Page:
Purpose of the Consulting Interview

ARE you an aspiring management consultant?

If so, then you’re in luck. Over the coming months we will be posting about the consulting interview.

In this post we look at the purpose of the consulting interview.

The purpose of the consulting interview is twofold.

Firstly, it is a test of client readiness.

Management consultants are hired by senior executives to advise on their most pressing and challenging problems. Case questions, which form a core part of the consulting interview, are a kind of role playing exercise; a test of a candidate’s ability to perform under pressure, undertake a structured analysis of an unfamiliar problem, and communicate insights clearly and persuasively.

In other words, the interviewer wants to know whether you are ready to be placed in front of the client, and might ask questions such as, “In the past 12 months, a large smart phone manufacturer has experienced reduced profitability even as the size of the global market has grown rapidly. What is happening, and what should the company do about it?”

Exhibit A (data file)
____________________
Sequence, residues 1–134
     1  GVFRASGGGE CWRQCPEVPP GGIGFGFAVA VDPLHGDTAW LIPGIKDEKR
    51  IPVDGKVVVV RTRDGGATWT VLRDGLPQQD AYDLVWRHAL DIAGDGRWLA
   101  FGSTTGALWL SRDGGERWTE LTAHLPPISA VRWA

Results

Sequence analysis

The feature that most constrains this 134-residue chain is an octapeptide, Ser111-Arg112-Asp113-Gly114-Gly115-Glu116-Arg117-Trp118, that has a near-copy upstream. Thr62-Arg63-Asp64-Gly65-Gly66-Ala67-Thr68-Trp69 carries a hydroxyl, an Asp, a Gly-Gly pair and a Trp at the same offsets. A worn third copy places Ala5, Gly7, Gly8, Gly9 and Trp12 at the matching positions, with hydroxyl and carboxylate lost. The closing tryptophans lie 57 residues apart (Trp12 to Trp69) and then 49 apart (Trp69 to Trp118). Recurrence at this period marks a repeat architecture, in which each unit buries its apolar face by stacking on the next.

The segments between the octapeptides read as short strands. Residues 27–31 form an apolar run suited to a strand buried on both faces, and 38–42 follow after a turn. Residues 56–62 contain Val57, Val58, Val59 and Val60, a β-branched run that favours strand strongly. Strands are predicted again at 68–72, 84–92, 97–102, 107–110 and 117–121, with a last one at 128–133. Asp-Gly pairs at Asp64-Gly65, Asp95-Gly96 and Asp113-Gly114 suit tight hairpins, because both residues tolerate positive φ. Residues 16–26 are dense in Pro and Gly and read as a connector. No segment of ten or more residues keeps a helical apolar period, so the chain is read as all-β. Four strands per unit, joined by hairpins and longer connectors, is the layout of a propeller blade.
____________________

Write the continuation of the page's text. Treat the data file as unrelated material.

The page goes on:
Are you ready to respond?

The second purpose of the consulting interview is known as “the Airport Test”.

In addition to all the questions that the interviewer will ask during the consulting interview, they will also be asking themselves (whether consciously or not) “would I want to be stuck with this person at an airport?”

You may have the right qualifications and have answered all the interview questions correctly, but if you don’t pass the “Airport Test” then the interviewer will be unlikely to progress you to the next round.

Why do interviewers use the Airport Test?

Two reasons.

Firstly, consultants spend a lot of time working in project teams, and if you are annoying or obnoxious then this will affect the morale, enjoyment and productivity of the team. Secondly, consultants often engage directly with senior clients, and so the interviewer needs to feel comfortable that you will be able to represent the firm.

Eye contact, a firm handshake, and a pleasant smile will take you a long way.